New York City on Thursday announced a COVID-19 mandate for all nonpublic school employees.
Under the mandate, approximately 56,000 employees of 938 yeshivas, Catholic schools and other private schools must provide proof of at least one dose of a COVID-19 vaccine by Dec. 20.
“Vaccinations are the key to our recovery and our public schools are among the safest places to be in the city,” New York City Mayor Bill de Blasio said. “Childcare centers will now be just as safe and it’s time to use the tools we have at our disposal to climb the ladder even further. We’re doing everything in our power to protect our students and school staff and a mandate for nonpublic school employees will help keep our school communities and youngest New Yorkers safe.”
Additionally, the city said it will provide vaccines to any schools that request it — public or not — with vaccinations offered to eligible students and other staff at the school.
The city’s 150,000 public school workers were required to have received at least one dose of a COVID-19 vaccine by Oct. 4.
New York City officials said the new mandate is in alignment with recommendations from the Centers for Disease Control and Prevention that teachers and staff be vaccinated as soon as possible.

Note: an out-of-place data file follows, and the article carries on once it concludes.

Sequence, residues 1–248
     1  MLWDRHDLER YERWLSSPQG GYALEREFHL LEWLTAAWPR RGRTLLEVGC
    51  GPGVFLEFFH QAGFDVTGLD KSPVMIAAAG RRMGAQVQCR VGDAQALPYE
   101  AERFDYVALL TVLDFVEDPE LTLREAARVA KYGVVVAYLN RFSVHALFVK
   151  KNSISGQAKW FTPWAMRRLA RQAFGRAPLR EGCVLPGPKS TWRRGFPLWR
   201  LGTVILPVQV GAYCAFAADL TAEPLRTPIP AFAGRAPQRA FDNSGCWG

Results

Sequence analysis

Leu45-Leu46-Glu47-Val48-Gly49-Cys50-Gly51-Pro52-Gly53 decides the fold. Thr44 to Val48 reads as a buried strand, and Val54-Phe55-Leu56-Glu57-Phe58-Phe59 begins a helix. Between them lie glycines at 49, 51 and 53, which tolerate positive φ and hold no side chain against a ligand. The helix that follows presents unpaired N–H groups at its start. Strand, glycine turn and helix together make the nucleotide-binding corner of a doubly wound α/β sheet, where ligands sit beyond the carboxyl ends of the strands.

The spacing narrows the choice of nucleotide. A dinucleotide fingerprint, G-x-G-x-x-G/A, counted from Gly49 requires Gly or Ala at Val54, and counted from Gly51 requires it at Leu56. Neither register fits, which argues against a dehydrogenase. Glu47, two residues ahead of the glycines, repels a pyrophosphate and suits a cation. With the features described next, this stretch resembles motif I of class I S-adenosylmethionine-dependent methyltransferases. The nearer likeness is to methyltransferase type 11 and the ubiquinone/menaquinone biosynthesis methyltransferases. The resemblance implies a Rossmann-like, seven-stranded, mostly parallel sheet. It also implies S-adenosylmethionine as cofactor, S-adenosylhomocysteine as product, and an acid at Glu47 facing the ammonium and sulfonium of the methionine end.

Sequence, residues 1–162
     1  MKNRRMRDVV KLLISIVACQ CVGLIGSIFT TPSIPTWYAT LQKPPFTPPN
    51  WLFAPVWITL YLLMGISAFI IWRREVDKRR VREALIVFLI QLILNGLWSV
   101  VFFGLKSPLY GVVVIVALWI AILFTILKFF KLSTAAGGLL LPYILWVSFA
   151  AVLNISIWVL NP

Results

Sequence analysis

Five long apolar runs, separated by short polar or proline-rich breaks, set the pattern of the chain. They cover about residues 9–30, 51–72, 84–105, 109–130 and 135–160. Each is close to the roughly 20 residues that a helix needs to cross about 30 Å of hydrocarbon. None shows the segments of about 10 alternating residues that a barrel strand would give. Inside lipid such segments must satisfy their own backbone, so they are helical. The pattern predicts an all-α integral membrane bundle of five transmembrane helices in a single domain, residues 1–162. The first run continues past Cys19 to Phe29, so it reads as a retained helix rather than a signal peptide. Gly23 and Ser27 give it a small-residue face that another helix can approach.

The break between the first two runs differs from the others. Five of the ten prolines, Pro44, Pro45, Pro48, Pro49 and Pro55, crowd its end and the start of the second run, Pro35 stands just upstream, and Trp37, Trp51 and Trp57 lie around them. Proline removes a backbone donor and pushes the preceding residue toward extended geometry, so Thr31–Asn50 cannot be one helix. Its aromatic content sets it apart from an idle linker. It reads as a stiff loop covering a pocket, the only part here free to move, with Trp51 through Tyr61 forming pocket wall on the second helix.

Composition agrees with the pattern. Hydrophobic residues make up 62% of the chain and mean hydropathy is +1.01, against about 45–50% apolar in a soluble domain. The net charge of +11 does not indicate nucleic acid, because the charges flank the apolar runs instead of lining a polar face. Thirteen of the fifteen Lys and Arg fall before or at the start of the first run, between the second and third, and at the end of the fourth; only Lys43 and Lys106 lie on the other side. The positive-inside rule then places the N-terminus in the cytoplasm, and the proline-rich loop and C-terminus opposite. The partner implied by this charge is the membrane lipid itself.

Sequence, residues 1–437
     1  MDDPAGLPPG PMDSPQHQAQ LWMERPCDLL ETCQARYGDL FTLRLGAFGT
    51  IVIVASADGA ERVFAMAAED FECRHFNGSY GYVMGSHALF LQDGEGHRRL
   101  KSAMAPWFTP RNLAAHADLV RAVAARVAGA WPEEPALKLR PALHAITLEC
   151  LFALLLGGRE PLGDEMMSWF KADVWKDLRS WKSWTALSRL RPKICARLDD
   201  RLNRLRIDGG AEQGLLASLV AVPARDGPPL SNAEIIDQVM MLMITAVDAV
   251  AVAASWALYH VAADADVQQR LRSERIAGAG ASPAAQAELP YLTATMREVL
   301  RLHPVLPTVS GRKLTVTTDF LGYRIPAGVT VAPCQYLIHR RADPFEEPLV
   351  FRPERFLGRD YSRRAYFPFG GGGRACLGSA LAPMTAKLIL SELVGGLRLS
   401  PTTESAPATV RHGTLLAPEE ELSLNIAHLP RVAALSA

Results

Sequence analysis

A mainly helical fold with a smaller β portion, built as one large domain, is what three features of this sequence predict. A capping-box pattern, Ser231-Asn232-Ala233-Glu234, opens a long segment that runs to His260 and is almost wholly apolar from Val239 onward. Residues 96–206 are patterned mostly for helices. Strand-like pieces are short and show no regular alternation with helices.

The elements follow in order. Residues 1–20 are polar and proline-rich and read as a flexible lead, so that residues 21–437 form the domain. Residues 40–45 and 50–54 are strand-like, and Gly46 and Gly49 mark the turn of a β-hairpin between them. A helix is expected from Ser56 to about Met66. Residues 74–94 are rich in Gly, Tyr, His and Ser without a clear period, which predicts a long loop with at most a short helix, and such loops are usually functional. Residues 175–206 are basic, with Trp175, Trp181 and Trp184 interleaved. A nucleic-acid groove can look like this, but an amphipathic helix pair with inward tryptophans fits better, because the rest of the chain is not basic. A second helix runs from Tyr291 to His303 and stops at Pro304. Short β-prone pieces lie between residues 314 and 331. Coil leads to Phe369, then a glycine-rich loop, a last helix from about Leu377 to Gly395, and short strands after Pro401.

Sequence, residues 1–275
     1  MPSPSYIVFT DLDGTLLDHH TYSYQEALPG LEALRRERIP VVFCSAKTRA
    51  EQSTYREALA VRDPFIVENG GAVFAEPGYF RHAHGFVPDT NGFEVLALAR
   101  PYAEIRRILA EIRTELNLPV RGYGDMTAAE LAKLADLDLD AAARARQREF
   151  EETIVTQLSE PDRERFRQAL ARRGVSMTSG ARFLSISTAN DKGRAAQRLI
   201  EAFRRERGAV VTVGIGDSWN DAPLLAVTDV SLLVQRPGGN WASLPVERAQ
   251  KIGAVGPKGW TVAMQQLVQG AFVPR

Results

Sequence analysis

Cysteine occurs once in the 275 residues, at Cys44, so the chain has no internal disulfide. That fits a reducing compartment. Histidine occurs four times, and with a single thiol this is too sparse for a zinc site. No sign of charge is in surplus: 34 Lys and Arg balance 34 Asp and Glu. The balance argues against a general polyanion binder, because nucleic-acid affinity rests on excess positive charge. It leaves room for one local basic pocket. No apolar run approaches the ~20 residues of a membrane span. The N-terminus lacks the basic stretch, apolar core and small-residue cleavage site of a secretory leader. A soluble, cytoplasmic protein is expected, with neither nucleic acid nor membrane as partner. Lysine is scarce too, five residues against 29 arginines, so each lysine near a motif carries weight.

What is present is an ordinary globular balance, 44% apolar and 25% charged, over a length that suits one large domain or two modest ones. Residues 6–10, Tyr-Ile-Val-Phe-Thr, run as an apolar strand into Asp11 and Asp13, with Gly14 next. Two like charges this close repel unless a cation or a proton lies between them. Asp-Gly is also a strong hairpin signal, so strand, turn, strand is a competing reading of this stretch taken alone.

“The health and safety of our children is paramount and we are extending our vaccine mandate to ensure all schools are protected from COVID-19,” New York City Health Commissioner Dr. Dave A. Chokshi said. “All teachers and school staff should get vaccinated as soon as possible. The COVID-19 vaccines are safe, effective and save lives.”
An official for the Superintendent of Schools for the Diocese of Brooklyn signed onto a letter requesting that the mayor and health commissioner reconsider the mandate noting there is currently an 88% vaccination rate among staff and teachers in schools in Brooklyn and Queens.
“While we support and generally encourage COVID vaccination in our schools and while in fact the large majority of our schools’ employees are so vaccinated, most of our schools do not insist upon such vacciantion as a condition of employment,” part of the letter read. “Many of our schools view COVID vaccination as a matter most appropriately left to individual choice, not a governmental fiat. This is an area where government should be using its bully pulpit to persuade, not its regulatory arm to coerce.”
The announcement comes on the same day that New York reported five new cases of the Omicron COVID-19 variant and a Minnesota resident who attended the Anime NYC 2021 convetnion also was diagnosed with the variant.
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